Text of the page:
Quest for Mandate
They say the grass is always greener on the other side. Many people believe that Chief Minister Nawab Raisani, who is the first leader in the history of Balochistan to be voted unopposed as the head of the government, has it easy to fix all the problems confronting the insurgency-stricken province. In spite of having all political parties, ranging from the right-wing Jamiat Ulema-e-Islam (JUI) to the left wing Balochistan National Party (BNP-Awami), on board as coalition partners, Raisani still suffers from a sense of powerlessness.
In a recent interaction with the media representatives, Raisani said he desperately required the “mandate” from the federal government to negotiate with the disgruntled Baloch nationalists who have picked up guns to wage a battle against Islamabad. The chief minister’s assertion does not surprise those who truly know that the province is still not in the full control of the elected government. While the Frontier Corps (FC) is a regular contributor to trouble in Balochistan, repeated rejection of a deep-rooted indigenous issue by irresponsible and provocative officials like Rehman Malik, the federal interior minister, is another reason for flaring up the situation.
Ever since coming into power, the Pakistan People’s Party (PPP) government has been making claims to have taken genuine measures to bring normalcy to Balochistan. Yet, the situation has gone from bad to worse. Every effort made by the government, starting from an apology offered by President Asif Ali Zardari to the Baloch people over the antagonistic policies of former military dictator Pervez Musharraf to a much-hyped socio-political Balochistan Package has not helped to put out the conflagration in Balochistan. When Raisani took oath of his office, the first promise he made to the people of Balochistan was concerning the restoration of the law and order situation. On the contrary, the situation worsened and saw an upsurge in violent cases. The government, on its part, had failed to win the hearts and minds of the people with its people-friendly policies.
Governor Magsi and Chief Minister Raisani have said it again and again that the situation has not improved in Balochistan in a way they wish to see it. They whine about the slow pace of implementation of the Balochistan Package. In fact Raisani is not the only leader who keeps harping about the mess in his province and admits his powerlessness. The role of the opposition is always played in the Balochistan Assembly, ironically, by the members of the treasury benches. One always hears very heated speeches against Islamabad on the floor of Balochistan Assembly by members of the government. The Balochistan Assembly has passed scores of resolutions against the Center on the issues of resource distribution, provincial autonomy and representation in the profitable state corporations. All these parliamentary resolutions are always paid a deaf ear from the other side of the fence.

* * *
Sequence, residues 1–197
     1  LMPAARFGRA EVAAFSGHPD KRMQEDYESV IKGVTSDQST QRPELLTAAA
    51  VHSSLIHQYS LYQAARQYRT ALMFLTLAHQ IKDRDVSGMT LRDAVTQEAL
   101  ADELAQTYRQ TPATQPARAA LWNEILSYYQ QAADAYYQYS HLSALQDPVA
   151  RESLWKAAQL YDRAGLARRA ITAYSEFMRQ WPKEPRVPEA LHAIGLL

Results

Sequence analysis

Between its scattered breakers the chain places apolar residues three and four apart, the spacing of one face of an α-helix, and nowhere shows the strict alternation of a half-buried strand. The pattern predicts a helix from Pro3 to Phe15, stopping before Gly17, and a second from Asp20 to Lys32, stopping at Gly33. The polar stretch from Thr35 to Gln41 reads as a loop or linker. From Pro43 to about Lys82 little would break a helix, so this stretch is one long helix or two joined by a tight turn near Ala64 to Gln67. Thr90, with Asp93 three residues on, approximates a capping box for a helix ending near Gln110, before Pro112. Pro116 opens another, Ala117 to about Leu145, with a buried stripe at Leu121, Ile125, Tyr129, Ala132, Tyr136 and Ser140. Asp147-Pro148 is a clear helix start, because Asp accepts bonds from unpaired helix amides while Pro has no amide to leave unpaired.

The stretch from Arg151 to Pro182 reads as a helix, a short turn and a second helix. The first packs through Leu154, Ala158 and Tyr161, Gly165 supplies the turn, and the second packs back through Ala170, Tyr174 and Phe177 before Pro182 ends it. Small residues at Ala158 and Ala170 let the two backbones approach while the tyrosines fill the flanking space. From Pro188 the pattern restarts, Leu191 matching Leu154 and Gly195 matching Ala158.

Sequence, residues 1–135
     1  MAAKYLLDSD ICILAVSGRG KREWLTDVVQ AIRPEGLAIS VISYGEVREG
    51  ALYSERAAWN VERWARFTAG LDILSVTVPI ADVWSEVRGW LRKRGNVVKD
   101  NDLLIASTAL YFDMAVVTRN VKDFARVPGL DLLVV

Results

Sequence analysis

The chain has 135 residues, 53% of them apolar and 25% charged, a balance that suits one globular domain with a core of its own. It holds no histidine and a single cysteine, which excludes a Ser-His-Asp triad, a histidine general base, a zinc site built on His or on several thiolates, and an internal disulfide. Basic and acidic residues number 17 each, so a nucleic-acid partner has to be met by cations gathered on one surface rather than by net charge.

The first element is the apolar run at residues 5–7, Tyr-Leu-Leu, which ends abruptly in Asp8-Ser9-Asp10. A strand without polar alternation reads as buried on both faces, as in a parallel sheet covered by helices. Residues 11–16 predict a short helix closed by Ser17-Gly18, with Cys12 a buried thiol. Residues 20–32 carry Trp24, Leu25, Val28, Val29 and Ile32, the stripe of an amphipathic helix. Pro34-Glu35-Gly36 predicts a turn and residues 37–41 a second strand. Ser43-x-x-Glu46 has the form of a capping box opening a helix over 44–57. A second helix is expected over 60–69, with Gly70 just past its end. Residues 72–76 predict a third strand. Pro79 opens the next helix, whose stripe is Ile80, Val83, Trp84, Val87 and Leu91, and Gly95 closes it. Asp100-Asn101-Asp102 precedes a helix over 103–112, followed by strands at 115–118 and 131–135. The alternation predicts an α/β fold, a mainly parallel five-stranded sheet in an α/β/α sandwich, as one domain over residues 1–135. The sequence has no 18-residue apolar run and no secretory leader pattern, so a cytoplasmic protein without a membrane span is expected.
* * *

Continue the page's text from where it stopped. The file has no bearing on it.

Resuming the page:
This state of affairs is alarming. If the provincial government is not in the control of affairs then the next question that pops up in our minds is: Who governs (or say “rules”) Balochistan? The chief minister has to be more vocal to expose the elements that have made his government a laughing stock. Raisani, along with his cabinet, hardly has any reason to remain in the government owing to their poor performance. If analyzed on the basis of performance, the most appropriate thing the chief minister and his cabinet could do is to resign and sit back at home. But that even does not lead to normalization of the situation.
How would Balochistan look like if the current government is removed or dissolved? There is no possibility of bringing a more “powerful” government in the province at the moment. Mid-term elections, if ever held, will not help in bringing Balochistan National Party and the National Party into power. The mode of the people in the Baloch society is hostile towards parliamentary politics. Devastation caused by recent floods also does not permit a change of guards in the provincial government at the moment.
If the so-called moderate parties like the BNP and NP participate in any kind of mid-term elections, they will only end up opening new confrontational fronts against the Baloch armed groups.
Raisani does not solely need the mandate from the federal government but also deserves a chance to be heard in Islamabad. The PPP government, without underestimating the seriousness of the issue in Balochistan, should know what it means to empower Raisani and what the possible losses for the government are in the wake of a powerless chief minister in Balochistan. Raisani is still the right guy to engage in negotiations with the Baloch separatists in contrast to Rehman Mailk, Raza Rabbani and Babar Awan.
(This write up originally appeared in The Baloch Hal, Balochistan’s first online English newspaper)